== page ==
Respondent: 'I was aware that it was legal... and that you had to be I think 12 weeks or less, and then I basically took a chance because like I said I knew I was around about 3 months pregnant, which is equal to 12 weeks, and I came here and they explained to me, okay, but you can terminate it up until 20 weeks.'
Interviewer: 'Did you know that before?'
Respondent: 'No, I didn't. I guessed that I was around 12 weeks. I thought maybe I will make it, maybe I won't make it. I came here anyway and that was how I found out that they can do it up to 20 weeks.'
Women reported limited prior knowledge of where to obtain an abortion and employed social networks such as family and friends to find out about it. Information was also obtained through print media and through the radio, television and abortion related websites.
Difficulties accessing abortion services
In addition to the personal factors mentioned above, participants raised problems related to accessing abortion providing facilities, particularly in the public health sector, leading to further delays in receiving an abortion.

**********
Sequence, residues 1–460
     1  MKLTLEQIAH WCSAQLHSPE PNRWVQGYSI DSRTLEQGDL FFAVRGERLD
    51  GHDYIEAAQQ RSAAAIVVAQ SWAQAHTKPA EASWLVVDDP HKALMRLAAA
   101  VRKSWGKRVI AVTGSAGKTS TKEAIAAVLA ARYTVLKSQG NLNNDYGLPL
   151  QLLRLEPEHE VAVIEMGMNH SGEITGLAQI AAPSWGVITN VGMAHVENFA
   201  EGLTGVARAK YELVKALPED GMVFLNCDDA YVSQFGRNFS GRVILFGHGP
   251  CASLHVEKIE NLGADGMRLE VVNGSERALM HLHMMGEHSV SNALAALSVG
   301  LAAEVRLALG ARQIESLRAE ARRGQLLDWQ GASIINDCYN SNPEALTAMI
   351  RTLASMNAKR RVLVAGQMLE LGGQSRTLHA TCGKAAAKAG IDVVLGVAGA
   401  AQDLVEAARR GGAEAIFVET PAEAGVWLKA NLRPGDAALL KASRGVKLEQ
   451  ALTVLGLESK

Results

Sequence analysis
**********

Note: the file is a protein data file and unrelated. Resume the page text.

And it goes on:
Many women spoke about negative and judgmental attitudes displayed by staff at public health facilities and related instances where staff were not only rude and hostile but attempted to dissuade them from having an abortion. A respondent described how providers imposed their own religious beliefs by bringing out the Bible during a consultation, resulting in her obtaining an abortion at another facility. This was further underscored by structural barriers ranging from inappropriate referrals and being sent from one facility to another before being seen, to waiting a further two weeks for an appointment as clinics were fully booked.
A woman described how she had visited four facilities and one doctor twice before finally being assisted in obtaining an abortion and by this stage was in her second trimester. All these delays had financial implications as well. For those women who were employed it meant organizing time off work and transport costs incurred by being sent from one facility to another.
Negative perceptions of public sector facilities led some women to seek help within the private sector, which not only had financial implications but also meant a delay in obtaining an abortion as women had to save enough money first.
Moralising and judgmental attitudes displayed by providers made it difficult for women, by creating further discomfort.